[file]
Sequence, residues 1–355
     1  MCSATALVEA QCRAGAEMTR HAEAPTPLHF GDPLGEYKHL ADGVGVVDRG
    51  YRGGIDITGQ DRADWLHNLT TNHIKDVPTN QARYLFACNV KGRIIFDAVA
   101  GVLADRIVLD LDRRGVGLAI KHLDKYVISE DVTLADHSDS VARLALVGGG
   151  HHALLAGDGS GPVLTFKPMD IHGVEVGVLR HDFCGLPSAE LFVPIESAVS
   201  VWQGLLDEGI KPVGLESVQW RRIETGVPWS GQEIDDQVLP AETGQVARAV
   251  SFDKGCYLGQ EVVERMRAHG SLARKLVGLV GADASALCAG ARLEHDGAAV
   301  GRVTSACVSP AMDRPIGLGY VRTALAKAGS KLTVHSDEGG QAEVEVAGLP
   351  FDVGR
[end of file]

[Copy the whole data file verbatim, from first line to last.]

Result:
Sequence, residues 1–355
     1  MCSATALVEA QCRAGAEMTR HAEAPTPLHF GDPLGEYKHL ADGVGVVDRG
    51  YRGGIDITGQ DRADWLHNLT TNHIKDVPTN QARYLFACNV KGRIIFDAVA
   101  GVLADRIVLD LDRRGVGLAI KHLDKYVISE DVTLADHSDS VARLALVGGG
   151  HHALLAGDGS GPVLTFKPMD IHGVEVGVLR HDFCGLPSAE LFVPIESAVS
   201  VWQGLLDEGI KPVGLESVQW RRIETGVPWS GQEIDDQVLP AETGQVARAV
   251  SFDKGCYLGQ EVVERMRAHG SLARKLVGLV GADASALCAG ARLEHDGAAV
   301  GRVTSACVSP AMDRPIGLGY VRTALAKAGS KLTVHSDEGG QAEVEVAGLP
   351  FDVGR